EMBRACE| Volume 127, ISSUE 3, P431-439, June 2018

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Bowel morbidity following radiochemotherapy and image-guided adaptive brachytherapy for cervical cancer: Physician- and patient reported outcome from the EMBRACE study



      This study describes late bowel morbidity prospectively assessed in the multi-institutional EMBRACE study on MRI-guided adaptive brachytherapy in locally advanced cervical cancer (LACC).


      A total of 1176 patients were analyzed. Physician reported morbidity (CTCAE v.3.0) and patient reported outcome (PRO) (EORTC QLQ C30/CX24) were assessed at baseline and at regular follow-up.


      At 3/5 years the actuarial incidence of bowel morbidity grade 3–4 was 5.0%/5.9%, including incidence of stenosis/stricture/fistula of 2.0%/2.6%. Grade 1–2 morbidity was pronounced with prevalence rates of 28–33% during follow-up. Diarrhea and flatulence were most frequently reported, significantly increased after 3 months and remained elevated during follow-up. Incontinence gradually worsened with time. PRO revealed high prevalence rates. Diarrhea ≥“a little” increased from 26% to 37% at baseline to 3 months and remained elevated, difficulty in controlling bowel increased from 11% to 26% at baseline to 3 months gradually worsening with time. Constipation and abdominal cramps improved after treatment.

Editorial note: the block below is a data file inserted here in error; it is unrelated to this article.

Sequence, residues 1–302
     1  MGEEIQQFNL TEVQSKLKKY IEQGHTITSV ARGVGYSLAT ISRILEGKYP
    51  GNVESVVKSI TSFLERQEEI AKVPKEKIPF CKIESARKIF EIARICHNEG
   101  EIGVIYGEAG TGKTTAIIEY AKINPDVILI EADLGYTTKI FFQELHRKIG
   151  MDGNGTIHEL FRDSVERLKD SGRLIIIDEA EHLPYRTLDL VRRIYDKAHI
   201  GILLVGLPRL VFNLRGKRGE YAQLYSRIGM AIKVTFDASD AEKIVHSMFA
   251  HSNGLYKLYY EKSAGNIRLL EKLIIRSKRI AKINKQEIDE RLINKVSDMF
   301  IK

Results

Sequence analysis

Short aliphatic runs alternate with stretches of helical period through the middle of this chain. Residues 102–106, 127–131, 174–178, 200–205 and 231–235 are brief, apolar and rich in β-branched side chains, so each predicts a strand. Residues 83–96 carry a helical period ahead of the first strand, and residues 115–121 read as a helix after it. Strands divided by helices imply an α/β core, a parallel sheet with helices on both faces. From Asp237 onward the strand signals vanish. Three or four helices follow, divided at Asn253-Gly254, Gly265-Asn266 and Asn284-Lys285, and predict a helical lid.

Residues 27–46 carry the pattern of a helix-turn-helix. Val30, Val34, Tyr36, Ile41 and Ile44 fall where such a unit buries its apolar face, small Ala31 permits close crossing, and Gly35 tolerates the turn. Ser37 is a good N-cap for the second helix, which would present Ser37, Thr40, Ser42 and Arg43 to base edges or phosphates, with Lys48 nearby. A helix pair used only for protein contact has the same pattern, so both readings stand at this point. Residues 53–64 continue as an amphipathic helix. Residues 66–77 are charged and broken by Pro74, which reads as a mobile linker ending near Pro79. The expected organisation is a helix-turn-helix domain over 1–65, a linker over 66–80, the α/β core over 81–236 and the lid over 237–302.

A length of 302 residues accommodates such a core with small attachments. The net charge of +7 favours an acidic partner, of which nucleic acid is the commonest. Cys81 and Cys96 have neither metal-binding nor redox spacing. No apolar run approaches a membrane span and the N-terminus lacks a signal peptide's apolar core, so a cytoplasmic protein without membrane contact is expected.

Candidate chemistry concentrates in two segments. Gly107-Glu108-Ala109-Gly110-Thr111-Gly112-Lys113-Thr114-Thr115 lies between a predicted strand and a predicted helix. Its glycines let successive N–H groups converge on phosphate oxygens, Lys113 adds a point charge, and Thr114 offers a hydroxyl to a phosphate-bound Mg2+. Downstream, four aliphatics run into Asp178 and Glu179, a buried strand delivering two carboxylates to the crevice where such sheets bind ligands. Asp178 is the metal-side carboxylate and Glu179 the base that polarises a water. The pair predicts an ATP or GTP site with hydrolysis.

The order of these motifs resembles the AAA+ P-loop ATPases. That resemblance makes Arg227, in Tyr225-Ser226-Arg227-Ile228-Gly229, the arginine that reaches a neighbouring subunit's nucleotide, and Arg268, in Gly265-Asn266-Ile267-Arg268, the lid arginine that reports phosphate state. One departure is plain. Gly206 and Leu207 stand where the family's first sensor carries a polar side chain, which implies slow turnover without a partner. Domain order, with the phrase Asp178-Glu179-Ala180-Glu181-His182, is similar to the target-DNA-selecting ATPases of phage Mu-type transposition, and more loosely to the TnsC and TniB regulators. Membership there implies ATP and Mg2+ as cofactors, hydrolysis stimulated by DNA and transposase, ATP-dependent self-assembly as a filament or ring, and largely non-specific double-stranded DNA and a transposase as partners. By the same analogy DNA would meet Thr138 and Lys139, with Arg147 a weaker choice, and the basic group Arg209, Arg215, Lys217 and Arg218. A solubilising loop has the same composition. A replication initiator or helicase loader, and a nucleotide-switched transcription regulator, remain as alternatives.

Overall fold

Bowel morbidity reported in this large cohort of LACC patients was limited regarding severe/life-threatening events. Mild-moderate diarrhea, flatulence and incontinence were prevalent after treatment with PROs indicating a considerable and clinically relevant burden. Critical knowledge based on the extent and manifestation pattern of treatment-related morbidity will serve future patient management.


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